2015 marks the inaugural year of Stanford’s Leadership Initiative with Warner Music Group (WMG).
Six to eight students from the Class of 2016 will be selected via application this winter to participate in the 14-month-long program that seeks to expose students to the popular music industry. Applications are due on Jan. 30.
The program breaks down into three major components: a two-unit class on the music industry offered in the spring of the participants’ junior year, a summer placement at WMG or one of its affiliates and a senior year capstone project.
The two-unit class, “The Changing World of Popular Music,” will be taught by Jay LeBoeuf, a graduate of the Stanford Center for Computer Research in Music and Acoustics (CCRMA). The class will discuss business models of the commercial music industry and the current landscape of the recording music industry.
LeBoeuf intends to invite musical artists and executives each to teach students about the music industry.
“My hypothesis is that the best way to engage students is to bring in outside folks [to share their] knowledge and challenge [students’] thinking,” LeBoeuf said. “But, rather than it being purely theoretical, [this knowledge is] really applied using the tools and tech students use in their free time. Students are such a wonderful example — they’re walking around with ear-buds and streaming music all the time. It’s something we can all relate to.”
The class will be capped at 25 students. Stanford/WMG Leadership Initiative participants are guaranteed a spot in the class, and the remaining students will be chosen on the basis of seniority.
The second component of the program, the summer placement with WMG, will be geared towards one area of focus per participant, such as product development and design, data analysis, software engineering, business and financial services, or marketing and creative services.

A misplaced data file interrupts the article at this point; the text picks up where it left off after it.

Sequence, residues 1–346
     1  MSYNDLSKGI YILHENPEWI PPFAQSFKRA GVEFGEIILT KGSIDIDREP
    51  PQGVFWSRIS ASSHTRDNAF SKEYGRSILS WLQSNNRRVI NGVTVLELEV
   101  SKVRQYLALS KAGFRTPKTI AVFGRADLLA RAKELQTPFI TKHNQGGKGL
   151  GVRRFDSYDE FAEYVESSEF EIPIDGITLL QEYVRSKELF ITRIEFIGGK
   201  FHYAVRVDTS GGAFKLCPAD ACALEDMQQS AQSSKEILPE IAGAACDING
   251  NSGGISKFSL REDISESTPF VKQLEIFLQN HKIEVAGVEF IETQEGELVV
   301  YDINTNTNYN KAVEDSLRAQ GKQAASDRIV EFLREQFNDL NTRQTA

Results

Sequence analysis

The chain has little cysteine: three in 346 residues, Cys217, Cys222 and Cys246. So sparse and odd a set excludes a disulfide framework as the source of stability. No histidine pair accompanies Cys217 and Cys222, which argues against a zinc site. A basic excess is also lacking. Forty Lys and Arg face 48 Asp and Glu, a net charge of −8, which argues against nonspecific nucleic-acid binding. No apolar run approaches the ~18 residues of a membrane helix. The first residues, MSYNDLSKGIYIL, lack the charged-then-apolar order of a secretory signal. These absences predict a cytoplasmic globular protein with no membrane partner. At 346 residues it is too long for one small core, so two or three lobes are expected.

According to Stanford Arts Institute Projects and Grants Coordinator Emily Saidel, who is serving as the program administrator for the Initiative, this array of concentrations is attracting a diverse group of applicants.
“I’ve already seen in some of the applications coming in a mix of different majors,” Saidel said. “Largely, everybody has some interest in music, but even that interest is really diverse…some people are performers who just want to learn more about the industry and get involved in the industry, some people approach is from a software side of things, some people approach it from more of a technical side of how music is produced. So even that interest in music is very broad.”
The senior-year capstone project will be funded by a $2,000 grant from WMG. The goal is for students to apply what they’ve learned in their summer placements to crafting an innovative project that responds to what they observed in the music industry. An example of a capstone project could be to develop a new music-streaming app or to market a local musician.
According to Matthew Tiews, Associate Dean for the Advancement of the Arts, WMG was originally connected to Stanford through the School of Engineering but became interested in attracting students to the music industry.
“Working with Warner representatives, I and some members of the team here put together this program,” Tiews said. “[It] is really an opportunity for students to gain some experience working in popular music industry, but also for WMG to bring in students from all disciplines at Stanford who have new ideas about what might be possible in the music industry, and have that be part of the way Warner develops new initiatives and programs both within its own company and in terms of the things it thinks about for the popular music industry going forward.”
WMG has made a five-year commitment to the Leadership Initiative at Stanford. LeBoeuf explains that the program will grow and change as more Stanford students participate in it.
“This is the pilot year; we’re very excited about it, but we’re also open to the flexibility about it,” Saidel said. “We’re open to what change may look like and what serving the needs of both parties — the students and Warner Music Group — will look like, and making sure those needs are met, that they are overlapping and working together. This is the fun part about piloting something. We’re not locked in. It lets the program evolve.”
Contact Rebecca Aydin at raydin ‘at’ stanford.edu.